Signing of the Belfast Agreement in 1998. Photo from The Irish Times.

In a column published in today’s Asia Times Online, economist David P. Goldman points towards a correlation between the end of the violence in Northern Ireland and the ageing of the Irish population to suggest that one of the most important factors that led to peace in Ireland was “the simple fact that the hell-raising youngsters of the 1970s had become middle-aged fellows with jobs and families.”  From this view, he looks at the ageing demographics of the Palestinian Territories to conclude that the current Israeli-Palestinian conflict will similarly end in the coming, even little outside intervention.  Goldman thus suggests that, at least in the Irish and Palestinian cases, the World’s ageing demographics can lead to peace.

However, in an article in January’s edition of the journal Current History, Neil Howe and Richard Jackson see global ageing demographics as leading to a great potential for conflict during the decade of the 2020’s.  They reach this conclusion by looking at the demographics of China, Russia and other key regions, such as the Middle East and sub-Saharan Africa.   In China — which by 2030 it will be an older country than the United States— they fear that the country’s “coming age wave [will] weaken the two pillars of the current regime’s legitimacy: rapidly rising GDP and social stability.”  This weakening may lead “toward social collapse—or, in reaction, toward an authoritarian clampdown,” which may occur at rougly the same time that China is expected to replace the United States as the world’s largest economy.   In Russia — which, in the midst of a long demographic decline, is due to fall to 16th place in world population rankings by 2050, from 4th place in 1950 — they fear that the country’s central authority “will weaken progressively, raising the nightmarish specter of a failing or failed state with nuclear weapons” or will instead lead the nation to behave like a “cornered bear” that “may lash out in revanchist fury rather than meekly accept its demographic fate.”  Lastly, they look at the Middle East and sub-Saharan Africa, which will remain among the World’s youngest societies, and fear that “if the correlation between extreme youth and violence endures, chronic unrest and state failure could persist in much of  [these regions] through the 2020’s.”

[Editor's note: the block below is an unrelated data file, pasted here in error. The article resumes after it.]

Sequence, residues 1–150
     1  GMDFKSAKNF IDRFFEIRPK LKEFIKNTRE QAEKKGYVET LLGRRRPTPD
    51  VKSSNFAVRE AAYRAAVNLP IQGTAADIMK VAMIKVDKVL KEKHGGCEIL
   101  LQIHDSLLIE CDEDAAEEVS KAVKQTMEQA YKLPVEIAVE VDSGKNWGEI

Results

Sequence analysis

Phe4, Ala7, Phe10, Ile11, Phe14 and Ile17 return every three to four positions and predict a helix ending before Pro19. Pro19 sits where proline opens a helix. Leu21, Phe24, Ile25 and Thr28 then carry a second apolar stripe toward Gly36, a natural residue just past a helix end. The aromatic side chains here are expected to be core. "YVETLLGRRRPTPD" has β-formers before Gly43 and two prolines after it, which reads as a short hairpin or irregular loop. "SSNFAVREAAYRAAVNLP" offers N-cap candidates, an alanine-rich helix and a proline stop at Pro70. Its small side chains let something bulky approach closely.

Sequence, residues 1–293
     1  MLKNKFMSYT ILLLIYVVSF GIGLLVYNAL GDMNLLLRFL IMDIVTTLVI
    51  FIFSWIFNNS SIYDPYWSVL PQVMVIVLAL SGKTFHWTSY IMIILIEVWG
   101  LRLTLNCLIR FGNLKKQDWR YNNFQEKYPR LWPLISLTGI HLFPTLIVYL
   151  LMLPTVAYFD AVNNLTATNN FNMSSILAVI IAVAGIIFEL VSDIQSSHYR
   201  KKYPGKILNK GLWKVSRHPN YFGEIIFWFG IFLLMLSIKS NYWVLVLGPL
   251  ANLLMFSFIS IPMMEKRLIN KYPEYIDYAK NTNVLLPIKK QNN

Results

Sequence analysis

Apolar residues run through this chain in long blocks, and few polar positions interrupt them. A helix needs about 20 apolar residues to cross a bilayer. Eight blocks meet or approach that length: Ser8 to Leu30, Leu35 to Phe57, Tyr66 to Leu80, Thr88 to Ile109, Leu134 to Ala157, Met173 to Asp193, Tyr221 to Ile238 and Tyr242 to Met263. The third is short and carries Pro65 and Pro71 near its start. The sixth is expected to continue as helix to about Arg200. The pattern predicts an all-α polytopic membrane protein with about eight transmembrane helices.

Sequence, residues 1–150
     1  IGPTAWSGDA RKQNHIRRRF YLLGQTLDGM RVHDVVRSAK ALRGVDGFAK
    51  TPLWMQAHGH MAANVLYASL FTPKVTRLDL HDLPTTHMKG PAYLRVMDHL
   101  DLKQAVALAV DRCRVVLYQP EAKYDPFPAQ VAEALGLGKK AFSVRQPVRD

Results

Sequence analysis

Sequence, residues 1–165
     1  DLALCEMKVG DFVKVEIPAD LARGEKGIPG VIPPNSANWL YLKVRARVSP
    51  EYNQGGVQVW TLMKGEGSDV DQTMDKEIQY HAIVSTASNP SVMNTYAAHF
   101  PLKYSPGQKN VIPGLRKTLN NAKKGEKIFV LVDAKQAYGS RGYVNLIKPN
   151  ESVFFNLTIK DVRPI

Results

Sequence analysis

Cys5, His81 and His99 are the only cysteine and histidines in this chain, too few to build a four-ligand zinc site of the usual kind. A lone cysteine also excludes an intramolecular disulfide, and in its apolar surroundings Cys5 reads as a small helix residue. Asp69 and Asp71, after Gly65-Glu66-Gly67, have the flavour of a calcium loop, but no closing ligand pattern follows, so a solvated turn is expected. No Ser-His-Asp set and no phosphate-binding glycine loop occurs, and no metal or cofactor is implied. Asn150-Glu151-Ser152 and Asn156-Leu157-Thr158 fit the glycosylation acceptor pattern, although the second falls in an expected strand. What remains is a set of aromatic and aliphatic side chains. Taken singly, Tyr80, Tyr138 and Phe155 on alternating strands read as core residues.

Take a few minutes to read both articles and share your thoughts with IAHSA.  Are the conclusions of these scholars contradictory? If so, do you expect global ageing to lead to peace or conflict?  Are there any steps that can be taken to ensure that global ageing leads to peace?  What do you think demographics mean for the security of your country?

Israel, Ireland and the peace of the aging

Global Aging and the Crisis of the 2020’s